TEAM EINARSON WINS WORLD BRONZE, SWITZERLAND OVER KOREA IN THE FINAL

Switzerland’s Silvana Tironzoni team defeated Korea’s Eun-Jung Kim team 7-6 in the gold medal final game of the Women’s World Championships in Prince George, BC.  It was the third consecutive championship for the Tironzoni team and the seventh for Switzerland in the past ten years.

Team Switzerland swept through the round-robin undefeated and completed a perfect week in Prince George with a semi-final win over Sweden before beating Korea in the final.

Canada’s Kerri Einarson foursome earned a bronze medal with a victory over Sweden’s Anna Hasselborg. It was the first Canadian medal since Jennifer Jones and her team won the gold medal in 2018 in North Bay. The medal is a first world medal for Einarson, Val Sweeting and Brianne Meilleur and a second one for Shannon Birchard who was the Jones team alternate in 2018.

Team Canada: Kerri Einarson, Shannon Birchard, Val Sweeting, Brianne Meilleur (Curling Canada Photo- Michael Burns)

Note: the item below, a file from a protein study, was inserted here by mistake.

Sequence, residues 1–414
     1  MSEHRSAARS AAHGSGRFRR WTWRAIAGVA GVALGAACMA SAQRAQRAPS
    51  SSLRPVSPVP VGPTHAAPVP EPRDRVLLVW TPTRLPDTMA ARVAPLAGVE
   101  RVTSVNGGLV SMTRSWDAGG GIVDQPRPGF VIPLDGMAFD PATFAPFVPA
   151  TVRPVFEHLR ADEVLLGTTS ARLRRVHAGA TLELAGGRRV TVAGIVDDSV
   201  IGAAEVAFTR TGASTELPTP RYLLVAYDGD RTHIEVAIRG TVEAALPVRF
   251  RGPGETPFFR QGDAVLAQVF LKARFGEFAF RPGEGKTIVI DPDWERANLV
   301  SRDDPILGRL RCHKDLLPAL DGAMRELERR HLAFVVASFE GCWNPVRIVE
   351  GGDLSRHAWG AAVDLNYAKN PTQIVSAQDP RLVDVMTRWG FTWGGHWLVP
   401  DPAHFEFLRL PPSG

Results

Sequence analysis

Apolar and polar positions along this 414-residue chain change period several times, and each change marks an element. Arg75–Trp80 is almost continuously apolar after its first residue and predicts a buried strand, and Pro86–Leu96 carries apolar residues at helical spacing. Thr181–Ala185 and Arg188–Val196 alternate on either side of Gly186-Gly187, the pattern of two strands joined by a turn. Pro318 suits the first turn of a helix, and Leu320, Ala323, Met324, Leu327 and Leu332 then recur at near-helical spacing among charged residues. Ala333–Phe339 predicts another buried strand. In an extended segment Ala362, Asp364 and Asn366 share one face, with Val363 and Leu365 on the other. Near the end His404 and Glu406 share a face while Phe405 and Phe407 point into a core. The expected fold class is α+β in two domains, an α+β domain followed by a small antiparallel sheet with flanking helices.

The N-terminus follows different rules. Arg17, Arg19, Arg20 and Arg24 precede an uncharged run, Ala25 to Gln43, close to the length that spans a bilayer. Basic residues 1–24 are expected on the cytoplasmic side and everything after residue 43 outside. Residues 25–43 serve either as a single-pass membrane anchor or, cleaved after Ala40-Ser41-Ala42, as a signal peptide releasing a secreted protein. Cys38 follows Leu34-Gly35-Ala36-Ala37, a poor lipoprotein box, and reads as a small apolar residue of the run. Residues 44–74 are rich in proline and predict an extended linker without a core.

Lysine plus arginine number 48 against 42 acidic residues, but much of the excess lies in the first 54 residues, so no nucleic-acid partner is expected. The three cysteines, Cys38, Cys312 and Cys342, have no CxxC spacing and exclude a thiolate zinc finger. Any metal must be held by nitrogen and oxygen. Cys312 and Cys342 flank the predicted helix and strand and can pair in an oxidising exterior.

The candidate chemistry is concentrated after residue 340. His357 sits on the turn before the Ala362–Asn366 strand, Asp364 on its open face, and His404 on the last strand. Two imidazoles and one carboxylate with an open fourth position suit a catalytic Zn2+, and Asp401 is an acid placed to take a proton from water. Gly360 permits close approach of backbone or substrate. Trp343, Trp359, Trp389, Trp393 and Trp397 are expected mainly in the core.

Team Canada finished the round robin with three losses, including a round robin loss (8-7 extra end) to Korea which put them third in the standings. They defeated Denmark 9-8 in the quarter-final before losing their semi-final rematch with Korea.

The medal winning trend since 2000 is interesting. While Switzerland has won those seven gold medals in ten years, they missed the medals in the other three years of the past ten. In the prior 12 years, Switzerland won only three medals, none of them gold.

In the past ten years, Canada has tied with Switzerland with a total of seven medals, but only two of them were gold. In the 22 years since 2000, Canada and Switzerland have both won seven gold medals. Canada ranks #1 in total medals with 16 while Sweden is #2 with 11 and Switzerland is #3 with ten.

Despite Canada having won a medal in about 75% of the time, it is the gold medal count that most curling fans are interested in and two in the past ten years is below standard. With each passing year, the pressure mounts on the Canadian team, whoever represents this country at the Worlds.

It will be interesting to see if one of the new line-ups announced for next year will be going to the worlds to face that pressure OR if an intact Team Einarson can win a fourth consecutive Scotties and a return trip to the Worlds. This year’s experience will no doubt be an asset if that happens.

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